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Re: Words for the Triangles

From: Mark Baker <distobj@acm.org>
Date: Wed, 25 Sep 2002 15:45:24 -0400
To: www-ws-arch@w3.org
Message-ID: <20020925154524.Q17819@www.markbaker.ca>

On Wed, Sep 25, 2002 at 08:18:47PM +0200, Hugo Haas wrote:
> I wouldn't list UDDI here: it hints that the "common
> program-to-program communication model" is based on a centralized
> registry.

+1!!

> Something is coming back to my mind: I see Web services (you can guess
> here my favorite spelling) spelled [Ww]eb [Ss]ervices. It would be
> good to have a consistent use of those words in the architecture
> document, and elsewhere too actually. Web refers to the World Wide Web
> is therefore "Web"; I think the issue is with "[Ss]ervices".
> 
> I don't mean to start a huge debate here, just raise the issue.

FWIW, I prefer "Web services" too.

> 
> I would just reference the one we agreed upon for now here.
> 
> [..]
> > The Web Services Oriented Architecture Model
> > 
> >    The web service architecture based upon the interactions between three
> >    roles: service provider, service discovery agency, and service
> >    requestor.
> 
> You were saying that you had issues finding a good way to call the
> discovery part. I have the feeling that it actually may not be easily
> described in terms of role.
> 
> In terms of abstract entities here, there is the provider and the
> consumer. The discovery is something which happens between the two of
> them, directly or indirectly. I would therefore suggest simply talking
> about "discovery mechanisms".

Hmm, yes, that seems much better to me.

> I would try to reword this, following my idea, as:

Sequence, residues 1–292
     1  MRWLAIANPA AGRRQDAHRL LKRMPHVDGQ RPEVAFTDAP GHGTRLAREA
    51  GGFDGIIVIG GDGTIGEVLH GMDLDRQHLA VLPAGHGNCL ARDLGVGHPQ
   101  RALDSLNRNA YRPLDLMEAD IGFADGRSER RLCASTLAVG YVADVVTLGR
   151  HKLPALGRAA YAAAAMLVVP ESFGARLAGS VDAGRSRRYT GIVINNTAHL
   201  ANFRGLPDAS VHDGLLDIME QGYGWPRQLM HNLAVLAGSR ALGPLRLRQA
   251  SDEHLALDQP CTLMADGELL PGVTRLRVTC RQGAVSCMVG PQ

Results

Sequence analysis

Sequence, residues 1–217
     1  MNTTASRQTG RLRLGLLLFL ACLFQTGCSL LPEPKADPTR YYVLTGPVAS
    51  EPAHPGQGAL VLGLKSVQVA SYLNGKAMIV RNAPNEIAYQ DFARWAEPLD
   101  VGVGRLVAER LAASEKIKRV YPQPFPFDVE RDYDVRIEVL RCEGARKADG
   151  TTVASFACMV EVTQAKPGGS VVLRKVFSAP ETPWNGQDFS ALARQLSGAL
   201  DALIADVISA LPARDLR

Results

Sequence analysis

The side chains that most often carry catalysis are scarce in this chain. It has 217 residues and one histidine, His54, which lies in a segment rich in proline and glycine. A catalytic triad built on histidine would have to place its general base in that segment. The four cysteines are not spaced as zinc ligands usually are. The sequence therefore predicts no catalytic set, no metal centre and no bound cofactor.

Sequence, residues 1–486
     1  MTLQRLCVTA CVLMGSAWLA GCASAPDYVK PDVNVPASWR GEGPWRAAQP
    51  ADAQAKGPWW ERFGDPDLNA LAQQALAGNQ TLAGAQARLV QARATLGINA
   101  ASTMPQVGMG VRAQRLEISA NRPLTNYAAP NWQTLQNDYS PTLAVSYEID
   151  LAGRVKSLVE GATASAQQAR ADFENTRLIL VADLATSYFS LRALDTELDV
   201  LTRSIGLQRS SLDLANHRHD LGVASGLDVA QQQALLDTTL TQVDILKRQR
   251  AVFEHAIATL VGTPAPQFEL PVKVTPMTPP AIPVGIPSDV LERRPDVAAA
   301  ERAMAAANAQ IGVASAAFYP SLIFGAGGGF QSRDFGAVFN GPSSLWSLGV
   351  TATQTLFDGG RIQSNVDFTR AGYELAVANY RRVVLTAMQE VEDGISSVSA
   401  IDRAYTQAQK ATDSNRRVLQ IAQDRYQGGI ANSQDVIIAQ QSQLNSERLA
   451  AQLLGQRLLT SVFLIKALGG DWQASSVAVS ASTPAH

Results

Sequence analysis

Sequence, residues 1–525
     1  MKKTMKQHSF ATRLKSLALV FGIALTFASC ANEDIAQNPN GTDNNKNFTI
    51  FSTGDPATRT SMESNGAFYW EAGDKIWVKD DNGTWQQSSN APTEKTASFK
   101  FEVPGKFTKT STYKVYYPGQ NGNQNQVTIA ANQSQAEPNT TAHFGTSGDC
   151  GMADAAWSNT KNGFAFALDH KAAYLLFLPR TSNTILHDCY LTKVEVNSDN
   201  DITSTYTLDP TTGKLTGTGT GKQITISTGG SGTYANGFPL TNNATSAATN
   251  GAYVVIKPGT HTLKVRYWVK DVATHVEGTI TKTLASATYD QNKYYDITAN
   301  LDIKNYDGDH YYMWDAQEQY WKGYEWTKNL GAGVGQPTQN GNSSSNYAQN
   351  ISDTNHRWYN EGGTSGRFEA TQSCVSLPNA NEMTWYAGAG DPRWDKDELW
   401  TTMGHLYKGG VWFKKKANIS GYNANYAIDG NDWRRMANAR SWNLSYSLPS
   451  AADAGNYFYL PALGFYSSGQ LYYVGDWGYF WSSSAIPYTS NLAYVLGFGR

> 
>   Discovery mechanisms: this is a set of mechanism for the service
>   requestor to become aware of the service provider and of how to
>   invoke the service. Service requestors find services and obtain
>   binding information (in the service descriptions) for services
>   during development for static binding, or during execution for
>   dynamic binding.

"in the service descriptions" may not be accurate for dynamic binding.
With dynamic binding, the URI scheme is all the information you need.

> > Operations in a Web Service Architecture
> [..]
> >    The description of your service is used to publish it in a registry,
> >    directory, or repository of service descriptions. After publication,
> >    the registry also has a copy of your service description. At some
> >    later time, a service requestor needs to use a service just like
> >    yours. The service requestor, or client, finds your service in the
> >    registry and retrieves the WSDL from the registry.
> 
> This is a centralized view of the discovery step. I think that this
> could be changed by something like the "requestor somehow has access
> to the service description".

+1

MB
-- 
Mark Baker, CTO, Idokorro Mobile (formerly Planetfred)
Ottawa, Ontario, CANADA.               distobj@acm.org
http://www.markbaker.ca        http://www.idokorro.com
Received on Wednesday, 25 September 2002 15:45:07 GMT

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